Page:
Having a __stdlib__ namespace?

Daniel Yoo dyoo at hkn.eecs.berkeley.edu
Fri Jan 10 09:02:52 CET 2003

:>Would it be a good idea to have a '__stdlib__' module that magically
:>maps its attributes to only Standard Library modules?  It would act as
:>a namespace to guarantee access to the standard library, no matter how
:>weird the sys.path might get.

Bengt Richter <bokr at oz.net> wrote:

: I just did an experiment that I don't know all the ramifications of, so don't
: take this is anything but an expriment, but if you put a file called
: __init__.py with nothing in it (mine has two bytes: '\r\n') in the Lib
: directory, so the path to it looks something like 

:    D:\Python22\Lib\__init__.py
: (your installation location may vary)

Hi Bengt,

I didn't think about that one... cool!  You're right though: the one
problem I'd see about is that this would be platform specific, as
Python's libraries live in "lib/pythonX.X" on some Unix systems.

I still prefer to use a magic looking name, even if there were no real
magic involved, just so that it's easier to see that something unusual
is being done.  It also makes it that much harder for a user to go
ahead and mess this beautiful scheme up by using a package generically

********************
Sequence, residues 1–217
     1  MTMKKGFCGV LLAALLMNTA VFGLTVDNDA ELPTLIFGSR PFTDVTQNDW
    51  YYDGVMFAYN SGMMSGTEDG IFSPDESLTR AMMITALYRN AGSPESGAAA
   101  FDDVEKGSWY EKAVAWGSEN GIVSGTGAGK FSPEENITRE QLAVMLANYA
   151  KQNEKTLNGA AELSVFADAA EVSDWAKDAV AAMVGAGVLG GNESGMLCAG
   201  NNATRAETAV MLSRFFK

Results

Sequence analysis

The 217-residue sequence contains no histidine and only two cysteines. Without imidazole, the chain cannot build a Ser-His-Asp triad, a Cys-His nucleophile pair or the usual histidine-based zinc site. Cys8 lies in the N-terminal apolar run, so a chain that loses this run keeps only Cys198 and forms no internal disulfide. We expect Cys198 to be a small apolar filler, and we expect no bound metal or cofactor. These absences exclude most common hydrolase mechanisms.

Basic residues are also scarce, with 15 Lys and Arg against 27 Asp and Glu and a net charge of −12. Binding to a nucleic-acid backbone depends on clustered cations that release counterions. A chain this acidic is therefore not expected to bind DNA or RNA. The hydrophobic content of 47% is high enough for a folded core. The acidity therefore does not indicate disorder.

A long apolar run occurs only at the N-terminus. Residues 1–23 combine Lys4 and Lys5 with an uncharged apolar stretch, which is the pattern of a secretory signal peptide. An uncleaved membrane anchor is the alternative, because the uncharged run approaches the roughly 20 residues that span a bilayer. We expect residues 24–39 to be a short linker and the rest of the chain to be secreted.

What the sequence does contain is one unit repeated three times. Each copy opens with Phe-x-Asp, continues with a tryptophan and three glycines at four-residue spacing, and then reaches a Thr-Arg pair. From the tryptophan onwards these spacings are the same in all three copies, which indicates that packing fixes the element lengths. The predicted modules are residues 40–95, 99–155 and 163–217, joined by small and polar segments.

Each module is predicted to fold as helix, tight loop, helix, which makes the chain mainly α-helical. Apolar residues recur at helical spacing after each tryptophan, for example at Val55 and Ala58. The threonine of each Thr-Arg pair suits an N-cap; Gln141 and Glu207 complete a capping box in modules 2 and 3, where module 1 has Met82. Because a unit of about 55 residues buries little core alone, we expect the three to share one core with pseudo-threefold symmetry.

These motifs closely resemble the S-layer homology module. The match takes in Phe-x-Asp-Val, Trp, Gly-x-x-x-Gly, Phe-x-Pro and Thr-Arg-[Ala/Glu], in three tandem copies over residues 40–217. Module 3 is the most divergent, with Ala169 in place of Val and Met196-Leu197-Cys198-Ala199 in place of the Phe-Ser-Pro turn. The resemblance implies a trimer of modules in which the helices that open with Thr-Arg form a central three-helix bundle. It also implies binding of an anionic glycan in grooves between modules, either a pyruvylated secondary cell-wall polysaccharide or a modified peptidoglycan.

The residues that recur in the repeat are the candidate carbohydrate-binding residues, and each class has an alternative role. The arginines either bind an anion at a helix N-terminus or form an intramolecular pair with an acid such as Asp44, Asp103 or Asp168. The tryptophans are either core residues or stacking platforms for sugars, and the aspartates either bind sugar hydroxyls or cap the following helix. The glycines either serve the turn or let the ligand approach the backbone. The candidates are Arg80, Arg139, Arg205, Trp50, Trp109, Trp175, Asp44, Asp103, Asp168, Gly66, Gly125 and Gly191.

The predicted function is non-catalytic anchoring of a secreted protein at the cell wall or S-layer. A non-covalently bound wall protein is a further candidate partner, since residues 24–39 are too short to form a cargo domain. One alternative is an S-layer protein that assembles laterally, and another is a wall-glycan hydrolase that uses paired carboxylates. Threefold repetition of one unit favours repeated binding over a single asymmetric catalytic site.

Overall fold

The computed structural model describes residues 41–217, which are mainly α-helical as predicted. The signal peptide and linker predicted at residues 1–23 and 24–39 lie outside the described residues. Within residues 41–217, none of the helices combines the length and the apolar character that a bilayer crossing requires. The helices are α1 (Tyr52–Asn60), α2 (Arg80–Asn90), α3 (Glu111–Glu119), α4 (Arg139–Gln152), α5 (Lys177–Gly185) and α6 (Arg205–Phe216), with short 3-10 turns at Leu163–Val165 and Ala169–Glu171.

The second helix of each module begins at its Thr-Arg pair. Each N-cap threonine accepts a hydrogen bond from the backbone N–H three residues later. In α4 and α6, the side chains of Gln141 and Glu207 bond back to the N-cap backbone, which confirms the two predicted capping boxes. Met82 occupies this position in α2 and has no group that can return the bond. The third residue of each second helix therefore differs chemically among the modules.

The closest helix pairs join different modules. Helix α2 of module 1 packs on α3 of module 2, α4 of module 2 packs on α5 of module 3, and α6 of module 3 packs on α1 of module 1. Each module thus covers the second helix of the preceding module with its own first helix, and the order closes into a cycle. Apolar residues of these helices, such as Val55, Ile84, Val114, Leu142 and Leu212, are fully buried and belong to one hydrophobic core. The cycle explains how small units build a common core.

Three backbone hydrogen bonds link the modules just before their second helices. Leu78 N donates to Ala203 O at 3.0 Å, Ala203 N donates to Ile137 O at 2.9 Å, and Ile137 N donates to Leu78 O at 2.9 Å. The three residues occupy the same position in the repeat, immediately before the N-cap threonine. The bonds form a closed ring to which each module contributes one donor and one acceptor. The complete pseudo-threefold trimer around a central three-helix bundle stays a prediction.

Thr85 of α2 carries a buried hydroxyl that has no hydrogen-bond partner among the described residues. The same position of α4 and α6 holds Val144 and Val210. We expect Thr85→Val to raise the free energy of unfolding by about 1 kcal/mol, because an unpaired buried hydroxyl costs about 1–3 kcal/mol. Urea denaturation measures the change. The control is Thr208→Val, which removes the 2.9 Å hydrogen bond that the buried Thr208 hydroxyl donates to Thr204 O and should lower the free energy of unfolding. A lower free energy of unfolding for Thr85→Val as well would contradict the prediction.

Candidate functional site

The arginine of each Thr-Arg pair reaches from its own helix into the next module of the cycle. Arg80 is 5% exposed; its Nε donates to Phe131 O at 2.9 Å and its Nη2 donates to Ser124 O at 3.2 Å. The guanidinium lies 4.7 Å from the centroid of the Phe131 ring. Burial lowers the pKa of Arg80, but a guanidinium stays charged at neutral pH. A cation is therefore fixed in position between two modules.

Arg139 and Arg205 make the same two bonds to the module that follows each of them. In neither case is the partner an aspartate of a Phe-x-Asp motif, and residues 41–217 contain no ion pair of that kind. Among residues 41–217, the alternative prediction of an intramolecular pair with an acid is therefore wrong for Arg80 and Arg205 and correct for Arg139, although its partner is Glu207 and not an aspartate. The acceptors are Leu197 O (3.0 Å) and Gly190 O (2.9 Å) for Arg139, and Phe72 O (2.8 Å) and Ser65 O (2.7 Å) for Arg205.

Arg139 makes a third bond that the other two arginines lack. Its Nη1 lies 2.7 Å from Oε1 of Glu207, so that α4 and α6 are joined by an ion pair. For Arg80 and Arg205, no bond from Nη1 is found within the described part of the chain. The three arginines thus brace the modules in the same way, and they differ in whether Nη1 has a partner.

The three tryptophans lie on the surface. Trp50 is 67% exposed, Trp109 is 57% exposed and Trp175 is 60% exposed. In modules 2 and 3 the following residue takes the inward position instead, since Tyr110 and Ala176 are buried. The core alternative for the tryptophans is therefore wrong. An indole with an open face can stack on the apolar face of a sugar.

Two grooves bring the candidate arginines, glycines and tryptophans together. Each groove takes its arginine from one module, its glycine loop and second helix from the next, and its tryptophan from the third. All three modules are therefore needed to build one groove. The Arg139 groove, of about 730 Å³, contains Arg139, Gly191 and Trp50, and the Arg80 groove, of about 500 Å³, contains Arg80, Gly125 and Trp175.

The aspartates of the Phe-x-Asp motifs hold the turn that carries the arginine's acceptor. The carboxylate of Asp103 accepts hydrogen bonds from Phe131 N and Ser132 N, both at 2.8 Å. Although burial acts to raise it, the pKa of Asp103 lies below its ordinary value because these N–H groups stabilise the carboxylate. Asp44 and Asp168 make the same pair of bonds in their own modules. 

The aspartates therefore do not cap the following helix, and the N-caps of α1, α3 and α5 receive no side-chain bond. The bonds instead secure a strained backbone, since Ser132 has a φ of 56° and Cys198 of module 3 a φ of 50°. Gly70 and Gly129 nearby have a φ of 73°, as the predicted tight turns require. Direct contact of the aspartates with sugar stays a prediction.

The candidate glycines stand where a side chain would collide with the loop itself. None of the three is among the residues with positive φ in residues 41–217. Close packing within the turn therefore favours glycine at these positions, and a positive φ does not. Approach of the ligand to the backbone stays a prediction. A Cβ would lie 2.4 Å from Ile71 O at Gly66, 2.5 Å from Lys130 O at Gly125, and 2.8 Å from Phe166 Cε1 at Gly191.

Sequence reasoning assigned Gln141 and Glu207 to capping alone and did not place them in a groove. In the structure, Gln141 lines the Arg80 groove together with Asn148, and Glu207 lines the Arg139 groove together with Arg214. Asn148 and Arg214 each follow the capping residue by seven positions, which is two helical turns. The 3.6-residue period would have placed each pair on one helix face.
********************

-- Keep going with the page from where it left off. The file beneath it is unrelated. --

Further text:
named Lib... *grin*.

Andrew Bennetts suggested in email about using "std" as an easy name
to type.  I'd like to subvert his suggestion and propose "__std__".

A system like this would be useful because the names of modules in the
Standard Library are generic.  This is a Good Thing because they're
easy to remember.  This is a Bad Thing because programmers themselves
may often use generic names for their own modules.

Furthermore, Section 6.12 on the reference documentation says that the
system for importing provides no guarantees, that the import mechanism is
implementation dependent:


It would be nice to have a well-defined, guaranteed way to get at the
Standard Library.

Thanks for the suggestions!

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